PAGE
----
Meanwhile her daughter, the writer, sits on her porch in the sunshine, drinking tea. This is the perennial story of our lives together, my mother and I. And because I honor and revere the quiet and diligent and important good work she does, here is a Mary Ruefle poem about farming on this perfect mid-August morning.

Jean-Fracois Millet, "Las Espigadoras." 1857

My Life as a Farmer
by James Dean 
(by Mary Ruefle)

Being a farmer is the loneliest thing in the world.
The field is like a religion you dedicate yourself
to, and when there's a cloudburst you can't be 
elsewhere. Hopefulness and a worrisome nature
are among the attributes of a basically farming man. 
You're all alone with your seeds and your concentration. 
You don't have time to see friends and it's not for them
to understand. You don't have anybody, only a pig
and some chickens, and you have to think for them. 
You're all alone with their feed and your concentration
and that's all you have. You're a farmer. 

Monday, August 20, 2012


5 am and I finally succumb to lights on with wide-awake, smiling Cricket. He coos and kicks and grins and I coo and kick and grin back and then we slip downstairs and make tea, and carry the cup back upstairs and by then Cricket's ready to go back to sleep, and does, and so here I am~ with tea, with you.

One of the advantages of being awoken many times in the night is that you remember your dreams. Last night: my grandmother came back from the dead to record another album. She wore outrageous vintage floral dresses and her arms were covered in vining rose tattoos. The roof of the barn where we recorded was full of holes and water was pouring through. Margaret picked Avah up, also wearing vintage floral dresses, also covered in tattoos, and they danced under that dripping water. I looked at them, my grandmother's white hair cut just like my daughter's blond, both of them laughing, and thought, See, they do like just like one another! Just exactly the same. And then I thought, I'm so glad she came back from the dead so she could dance with Avah. So they could at last know each other, these dancing, singing, whirling dervish twins.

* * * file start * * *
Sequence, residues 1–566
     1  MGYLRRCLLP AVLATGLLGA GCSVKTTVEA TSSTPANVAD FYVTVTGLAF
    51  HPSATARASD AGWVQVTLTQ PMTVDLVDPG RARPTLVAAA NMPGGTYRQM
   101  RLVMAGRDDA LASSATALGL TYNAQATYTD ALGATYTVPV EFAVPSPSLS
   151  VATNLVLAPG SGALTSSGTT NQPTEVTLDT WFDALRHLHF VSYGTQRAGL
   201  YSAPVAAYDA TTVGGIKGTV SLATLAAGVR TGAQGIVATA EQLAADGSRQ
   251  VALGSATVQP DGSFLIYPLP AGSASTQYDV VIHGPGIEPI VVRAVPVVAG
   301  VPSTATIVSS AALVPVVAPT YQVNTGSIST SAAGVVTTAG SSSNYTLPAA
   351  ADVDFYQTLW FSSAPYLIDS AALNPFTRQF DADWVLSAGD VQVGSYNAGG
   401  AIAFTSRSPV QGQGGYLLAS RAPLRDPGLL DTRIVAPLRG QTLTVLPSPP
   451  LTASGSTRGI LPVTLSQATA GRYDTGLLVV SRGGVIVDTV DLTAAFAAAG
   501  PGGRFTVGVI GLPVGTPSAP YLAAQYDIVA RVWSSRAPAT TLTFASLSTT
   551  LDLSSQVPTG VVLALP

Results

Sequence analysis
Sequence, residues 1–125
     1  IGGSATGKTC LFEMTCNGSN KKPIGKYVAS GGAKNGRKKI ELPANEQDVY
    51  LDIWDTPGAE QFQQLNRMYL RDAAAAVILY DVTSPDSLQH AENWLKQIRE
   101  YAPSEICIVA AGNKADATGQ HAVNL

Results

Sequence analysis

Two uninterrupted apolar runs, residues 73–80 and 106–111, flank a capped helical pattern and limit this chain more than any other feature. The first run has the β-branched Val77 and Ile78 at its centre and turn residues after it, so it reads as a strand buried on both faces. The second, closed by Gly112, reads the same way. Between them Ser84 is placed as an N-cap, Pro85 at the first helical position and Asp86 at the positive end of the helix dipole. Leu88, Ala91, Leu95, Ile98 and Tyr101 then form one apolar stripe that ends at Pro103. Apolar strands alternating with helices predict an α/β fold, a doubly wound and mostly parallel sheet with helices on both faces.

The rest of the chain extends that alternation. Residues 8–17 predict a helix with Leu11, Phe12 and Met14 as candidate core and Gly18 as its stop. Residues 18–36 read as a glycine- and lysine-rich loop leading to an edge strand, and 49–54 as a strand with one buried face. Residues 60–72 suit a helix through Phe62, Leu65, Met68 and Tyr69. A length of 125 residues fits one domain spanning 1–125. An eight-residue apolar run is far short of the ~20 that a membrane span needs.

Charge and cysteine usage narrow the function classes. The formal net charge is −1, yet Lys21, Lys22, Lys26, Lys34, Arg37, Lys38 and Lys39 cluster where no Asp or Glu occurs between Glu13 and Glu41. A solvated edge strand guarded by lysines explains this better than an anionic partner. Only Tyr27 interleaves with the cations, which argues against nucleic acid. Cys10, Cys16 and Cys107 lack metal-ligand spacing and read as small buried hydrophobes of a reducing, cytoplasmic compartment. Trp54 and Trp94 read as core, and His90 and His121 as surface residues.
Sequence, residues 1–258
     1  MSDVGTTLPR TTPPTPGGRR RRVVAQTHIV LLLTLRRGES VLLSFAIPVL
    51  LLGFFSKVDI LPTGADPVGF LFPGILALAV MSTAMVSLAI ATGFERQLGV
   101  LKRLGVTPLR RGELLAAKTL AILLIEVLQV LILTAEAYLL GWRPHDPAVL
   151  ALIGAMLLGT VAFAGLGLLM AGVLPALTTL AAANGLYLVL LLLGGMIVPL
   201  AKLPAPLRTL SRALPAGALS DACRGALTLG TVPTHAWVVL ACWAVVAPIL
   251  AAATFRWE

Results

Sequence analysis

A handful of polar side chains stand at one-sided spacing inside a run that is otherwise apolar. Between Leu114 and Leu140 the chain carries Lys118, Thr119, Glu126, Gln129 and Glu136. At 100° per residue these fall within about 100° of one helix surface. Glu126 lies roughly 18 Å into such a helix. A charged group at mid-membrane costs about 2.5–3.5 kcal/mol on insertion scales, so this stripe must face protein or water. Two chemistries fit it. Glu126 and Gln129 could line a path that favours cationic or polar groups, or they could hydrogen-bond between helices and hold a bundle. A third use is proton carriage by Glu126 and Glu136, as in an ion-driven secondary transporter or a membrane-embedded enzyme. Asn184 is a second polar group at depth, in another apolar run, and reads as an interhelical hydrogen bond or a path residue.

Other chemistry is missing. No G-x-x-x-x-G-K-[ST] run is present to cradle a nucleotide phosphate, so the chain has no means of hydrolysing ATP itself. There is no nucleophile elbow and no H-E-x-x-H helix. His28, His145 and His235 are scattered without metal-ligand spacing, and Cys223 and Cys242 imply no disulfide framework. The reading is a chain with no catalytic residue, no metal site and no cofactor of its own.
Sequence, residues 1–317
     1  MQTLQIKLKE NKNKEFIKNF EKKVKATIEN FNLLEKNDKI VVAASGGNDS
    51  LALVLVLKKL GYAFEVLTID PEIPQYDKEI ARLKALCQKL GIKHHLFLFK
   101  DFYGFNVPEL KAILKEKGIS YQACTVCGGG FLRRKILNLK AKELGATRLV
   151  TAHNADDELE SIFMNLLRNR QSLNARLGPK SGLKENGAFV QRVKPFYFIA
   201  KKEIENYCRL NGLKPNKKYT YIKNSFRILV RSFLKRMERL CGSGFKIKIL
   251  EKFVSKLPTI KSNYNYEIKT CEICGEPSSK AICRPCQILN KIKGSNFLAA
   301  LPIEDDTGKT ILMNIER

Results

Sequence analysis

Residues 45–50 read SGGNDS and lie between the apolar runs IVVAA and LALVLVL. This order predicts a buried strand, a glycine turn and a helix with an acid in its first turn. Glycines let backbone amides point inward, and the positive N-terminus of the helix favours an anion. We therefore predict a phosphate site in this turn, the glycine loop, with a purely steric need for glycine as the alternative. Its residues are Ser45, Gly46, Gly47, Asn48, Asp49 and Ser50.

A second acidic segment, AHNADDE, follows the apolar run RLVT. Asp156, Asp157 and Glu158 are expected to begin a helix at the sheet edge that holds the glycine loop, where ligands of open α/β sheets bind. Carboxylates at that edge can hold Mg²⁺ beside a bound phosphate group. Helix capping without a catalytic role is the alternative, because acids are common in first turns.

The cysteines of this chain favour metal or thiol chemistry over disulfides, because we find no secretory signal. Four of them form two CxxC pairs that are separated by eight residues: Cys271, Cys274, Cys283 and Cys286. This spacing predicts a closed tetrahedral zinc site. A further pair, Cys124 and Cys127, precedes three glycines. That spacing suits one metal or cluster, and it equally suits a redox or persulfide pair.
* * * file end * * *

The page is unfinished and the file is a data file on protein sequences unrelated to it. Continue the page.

Saturday, August 18, 2012

early, creeley

I think I must have been awoken ten times last night, by one child or another. Crickets raucous, rain heavy on the metal roof, and my brain pleasantly humming with this interview by Robert Creeley in The Paris Review. My favorite question and answer (about place, of course):

You speak a great deal about the poet's locale, his place, in your work. Is this a geographic term, or are you thinking of an inner sense of being?